Tor Kamata
Kamata, circa 1979
Birth nameMcRonald Kamaka
Born(1937-03-09)March 9, 1937[1]
Hawaii, U.S.[1]
DiedJuly 23, 2007(2007-07-23) (aged 70)
Saskatoon, Saskatchewan Canada[2]
Professional wrestling career
Ring name(s)Tor Kamata
Tor Kamaka
"King" Tor Kamaka
Mr. Moto
Dr. Moto
Killer Moto
Billed height6 ft 3 in (191 cm)[3]
Billed weight350 lb (159 kg)[3]
Billed fromJapan, Polynesia

McRonald Kamaka[2] (March 9, 1937 – July 23, 2007) was an American-Canadian professional wrestler known by the ring name Tor Kamata. He won several heavyweight and tag team championships, most notably the PWF World Heavyweight Championship in All Japan Pro Wrestling and the AWA World Tag Team Championship in the American Wrestling Association. He was a classic heel, reviled for dirty tricks in the ring, included rubbing salt in his opponent's eyes.

Professional wrestling career

Kamata wrestling as "Mr. Moto", circa 1951.

After returning to Hawaii after leaving the United States Air Force, 50th State Big Time Wrestling promoter Ed Francis convinced Kamaka to try professional wrestling.[1] He was given the name Tor Kamata in reference to Tomas De Torquemada of the Spanish Inquisition.[1] He also worked as Mr. Moto, holding the American Wrestling Association's AWA World Tag Team Championship with Mitsu Arakawa. One of his signature moves, the "judo chop" became a popular phrase for all types of martial arts strikes in the 1960s, even being mentioned by Snoopy in the comic strip "Peanuts" (21 December 1964, 14 January 1967). A generation later, the phrase was satirised in the Austin Powers films.[1]

In the early 1970s, Kamata worked for Stampede Wrestling in Canada, where he held the Stampede North American Heavyweight Championship three times.[1] In the promotion, he feuded with Dan Kroffat.[1]

In 1976 and 1977, Kamata wrestled in the World Wide Wrestling Federation. Managed by Freddie Blassie, he had two memorable matches with Bob Backlund when Backlund was on the brink of becoming the WWWF Champion. In the first, Kamata threw salt into Backlund's eyes, which set the stage for a televised Texas Death match, aired May 7, 1977. Again Kamata threw salt in Backlund's eyes, so Backlund merely used the referee's shirt to wipe it out. Then Backlund delivered an Atomic Knee Drop and won the match. At the time, Superstar Billy Graham had just defeated Bruno Sammartino for the championship and Backlund was being built up as the number one contender.

After WWWF, Kamata worked for All Japan Pro Wrestling in 1978 where he worked there to the end of his career.

Kamata returned to WWWF now WWF in 1980 feuding with WWF Champion Bob Backlund and Pedro Morales. He left later that year and returned to Japan. He worked in various territories.

Personal life

Kamata was an amateur wrestler during high school.[1] He was a club bouncer before becoming a professional wrestler.[1] He joined the United States Air Force and trained with amateur wrestlers in Turkey.[1] During the 1970s, he owned restaurants in Calgary, Alberta, and Saskatoon, Saskatchewan, where he also ran a shiatsu business.[1][2]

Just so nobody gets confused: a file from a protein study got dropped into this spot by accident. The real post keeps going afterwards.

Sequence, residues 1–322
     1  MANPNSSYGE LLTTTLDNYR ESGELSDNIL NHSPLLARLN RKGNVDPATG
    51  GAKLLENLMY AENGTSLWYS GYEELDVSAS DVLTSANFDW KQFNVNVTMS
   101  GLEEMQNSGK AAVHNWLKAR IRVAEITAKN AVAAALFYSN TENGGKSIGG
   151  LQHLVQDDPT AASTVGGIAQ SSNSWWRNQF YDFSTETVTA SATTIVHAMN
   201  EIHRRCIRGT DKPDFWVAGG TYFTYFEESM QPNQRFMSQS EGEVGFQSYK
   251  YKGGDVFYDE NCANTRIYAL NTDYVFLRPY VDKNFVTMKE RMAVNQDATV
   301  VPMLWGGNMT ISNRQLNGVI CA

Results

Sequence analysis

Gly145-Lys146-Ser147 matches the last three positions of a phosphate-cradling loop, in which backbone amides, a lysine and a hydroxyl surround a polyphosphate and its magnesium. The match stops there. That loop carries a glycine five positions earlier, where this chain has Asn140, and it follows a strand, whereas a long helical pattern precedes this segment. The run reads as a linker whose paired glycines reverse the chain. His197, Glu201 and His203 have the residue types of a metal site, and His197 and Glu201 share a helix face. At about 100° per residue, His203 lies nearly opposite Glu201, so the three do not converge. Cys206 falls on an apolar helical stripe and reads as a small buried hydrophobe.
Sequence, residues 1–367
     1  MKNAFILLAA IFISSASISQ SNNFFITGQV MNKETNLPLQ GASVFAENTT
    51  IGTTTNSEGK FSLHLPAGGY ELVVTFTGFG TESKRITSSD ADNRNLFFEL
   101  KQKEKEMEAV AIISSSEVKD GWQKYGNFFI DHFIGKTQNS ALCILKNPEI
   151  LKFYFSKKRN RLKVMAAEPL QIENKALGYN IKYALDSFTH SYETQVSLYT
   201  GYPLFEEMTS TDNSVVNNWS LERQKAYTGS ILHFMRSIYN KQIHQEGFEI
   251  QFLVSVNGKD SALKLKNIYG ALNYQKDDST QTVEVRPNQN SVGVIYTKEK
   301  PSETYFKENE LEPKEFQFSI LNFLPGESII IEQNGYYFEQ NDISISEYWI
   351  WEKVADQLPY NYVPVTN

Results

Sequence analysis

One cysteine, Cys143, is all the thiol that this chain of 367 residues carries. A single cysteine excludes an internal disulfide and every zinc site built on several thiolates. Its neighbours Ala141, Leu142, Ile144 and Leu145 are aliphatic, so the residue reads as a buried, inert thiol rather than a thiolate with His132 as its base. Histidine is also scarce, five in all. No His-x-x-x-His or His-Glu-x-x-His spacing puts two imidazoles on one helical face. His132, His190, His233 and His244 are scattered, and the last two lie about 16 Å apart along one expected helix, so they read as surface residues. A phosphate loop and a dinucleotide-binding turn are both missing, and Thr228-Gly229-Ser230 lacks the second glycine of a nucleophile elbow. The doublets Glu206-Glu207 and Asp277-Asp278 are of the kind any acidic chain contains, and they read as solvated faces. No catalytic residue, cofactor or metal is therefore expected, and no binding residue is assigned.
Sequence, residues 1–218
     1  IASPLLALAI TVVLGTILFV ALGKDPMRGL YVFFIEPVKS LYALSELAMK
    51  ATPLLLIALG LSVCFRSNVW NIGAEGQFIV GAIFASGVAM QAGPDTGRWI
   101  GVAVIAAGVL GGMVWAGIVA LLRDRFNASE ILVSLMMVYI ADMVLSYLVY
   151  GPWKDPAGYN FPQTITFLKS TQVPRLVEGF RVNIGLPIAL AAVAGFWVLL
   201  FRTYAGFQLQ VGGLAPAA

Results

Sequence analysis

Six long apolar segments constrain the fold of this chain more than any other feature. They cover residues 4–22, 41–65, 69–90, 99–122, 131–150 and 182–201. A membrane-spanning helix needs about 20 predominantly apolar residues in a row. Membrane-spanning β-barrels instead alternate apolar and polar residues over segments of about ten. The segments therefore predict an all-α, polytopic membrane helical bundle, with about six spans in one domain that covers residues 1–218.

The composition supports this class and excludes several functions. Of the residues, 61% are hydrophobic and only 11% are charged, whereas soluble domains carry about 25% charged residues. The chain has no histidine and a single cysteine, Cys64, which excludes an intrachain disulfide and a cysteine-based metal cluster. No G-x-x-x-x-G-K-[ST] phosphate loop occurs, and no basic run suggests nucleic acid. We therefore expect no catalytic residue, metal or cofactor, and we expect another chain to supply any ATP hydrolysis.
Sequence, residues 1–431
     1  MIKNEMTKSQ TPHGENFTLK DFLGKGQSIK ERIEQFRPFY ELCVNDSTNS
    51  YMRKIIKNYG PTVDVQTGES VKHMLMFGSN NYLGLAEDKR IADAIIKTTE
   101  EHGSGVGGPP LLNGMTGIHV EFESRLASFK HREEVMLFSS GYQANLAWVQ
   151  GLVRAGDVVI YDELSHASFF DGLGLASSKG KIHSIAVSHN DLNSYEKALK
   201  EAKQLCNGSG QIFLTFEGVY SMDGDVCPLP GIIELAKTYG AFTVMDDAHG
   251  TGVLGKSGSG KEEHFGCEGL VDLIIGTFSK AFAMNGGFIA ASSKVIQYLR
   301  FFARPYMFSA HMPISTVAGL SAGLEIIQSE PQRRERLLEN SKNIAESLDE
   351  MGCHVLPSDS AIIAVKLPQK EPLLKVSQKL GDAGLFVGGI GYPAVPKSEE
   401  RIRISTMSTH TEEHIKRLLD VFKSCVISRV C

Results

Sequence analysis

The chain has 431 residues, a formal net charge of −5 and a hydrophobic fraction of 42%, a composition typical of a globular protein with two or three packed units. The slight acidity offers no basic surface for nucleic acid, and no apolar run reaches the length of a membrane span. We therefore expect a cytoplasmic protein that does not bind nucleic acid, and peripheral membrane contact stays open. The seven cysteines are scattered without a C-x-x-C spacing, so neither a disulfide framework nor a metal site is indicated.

Kamata died on July 23, 2007, in Saskatoon after almost a decade of heart disease.[2]

Championships and accomplishments


  1. ^ a b c d e f g h i j k l Oliver, Greg (July 7, 2004). "Tor Kamata: Mean but nice". SLAM! Wrestling. Retrieved 2009-12-20.
  2. ^ a b c d Oliver, Greg (July 26, 2007). "Tor Kamata dead at 70". SLAM! Wrestling. Retrieved 2009-12-20.
  3. ^ a b Shields, Brian; Sullivan, Kevin (2009). WWE Encyclopedia. DK. p. 310. ISBN 978-0-7566-4190-0.
  4. ^ Real World Tag League 1978 at retrieved on October 6, 2018
  5. ^ Duncan, Royal; Will, Gary (2000). "Texas: NWA World Tag Team Title [Siegel, Boesch and McLemore]". Wrestling title histories: professional wrestling champions around the world from the 19th century to the present. Pennsylvania: Archeus Communications. ISBN 0-9698161-5-4.
  6. ^ "National Wrestling Alliance World Tag Team Title [E. Texas]". Wrestling-Titles. Retrieved February 21, 2017.
  7. ^ Royal Duncan and Gary Will (2006). "(Kansas and Western Missouri) West Missouri: North American Tag Team Title". Wrestling Title Histories. Archeus Communications. p. 253. ISBN 0-9698161-5-4.
  8. ^ "NWA North American Tag Team Title (Central States version)". Retrieved March 24, 2015.
  9. ^ Duncan, Royal; Will, Gary (2006) [2000.]. "(Memphis, Nashville) Tennessee: Southern Tag Team Title [Roy Welsch & Nick Gulas, Jerry Jarrett from 1977]". Wrestling title histories: professional wrestling champions around the world from the 19th century to the present. Waterloo, Ontario: Archeus Communications. pp. 185–189. ISBN 0-9698161-5-4.
  10. ^ "Southern Tag Team Title". Wrestling-Titles. Retrieved January 19, 2020.
  11. ^ Whalen, Ed (host) (December 15, 1995). "Stampede Wrestling Hall of Fame: 1948-1990". Showdown at the Corral: A Tribute to Stu Hart. Event occurs at 27:55. Shaw Cable. Calgary 7.
  12. ^ "Stampede Wrestling Hall of Fame (1948-1990)". Puroresu Dojo. 2003.
  13. ^ Royal Duncan & Gary Will (2000). Wrestling Title Histories (4th ed.). Archeus Communications. ISBN 0-9698161-5-4.
  14. ^ "W.W.A. World Tag Team Title (Indianapolis)". Puroresu Dojo. 2003.